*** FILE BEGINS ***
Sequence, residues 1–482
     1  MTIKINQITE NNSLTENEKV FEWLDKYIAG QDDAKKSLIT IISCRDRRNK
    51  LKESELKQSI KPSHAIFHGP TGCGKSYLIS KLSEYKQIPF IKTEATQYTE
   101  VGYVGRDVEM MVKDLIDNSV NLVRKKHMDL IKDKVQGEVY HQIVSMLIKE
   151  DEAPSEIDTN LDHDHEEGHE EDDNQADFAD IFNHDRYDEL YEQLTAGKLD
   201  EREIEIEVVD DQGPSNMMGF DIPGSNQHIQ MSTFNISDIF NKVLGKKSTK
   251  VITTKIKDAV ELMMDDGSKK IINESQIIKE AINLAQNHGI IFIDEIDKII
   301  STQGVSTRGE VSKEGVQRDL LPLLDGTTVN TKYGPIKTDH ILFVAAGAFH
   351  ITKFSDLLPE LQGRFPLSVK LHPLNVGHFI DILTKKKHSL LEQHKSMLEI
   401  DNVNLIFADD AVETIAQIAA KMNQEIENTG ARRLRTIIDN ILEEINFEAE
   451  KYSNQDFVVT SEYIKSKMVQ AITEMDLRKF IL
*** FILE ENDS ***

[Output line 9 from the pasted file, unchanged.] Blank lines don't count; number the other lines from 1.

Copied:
   351  ITKFSDLLPE LQGRFPLSVK LHPLNVGHFI DILTKKKHSL LEQHKSMLEI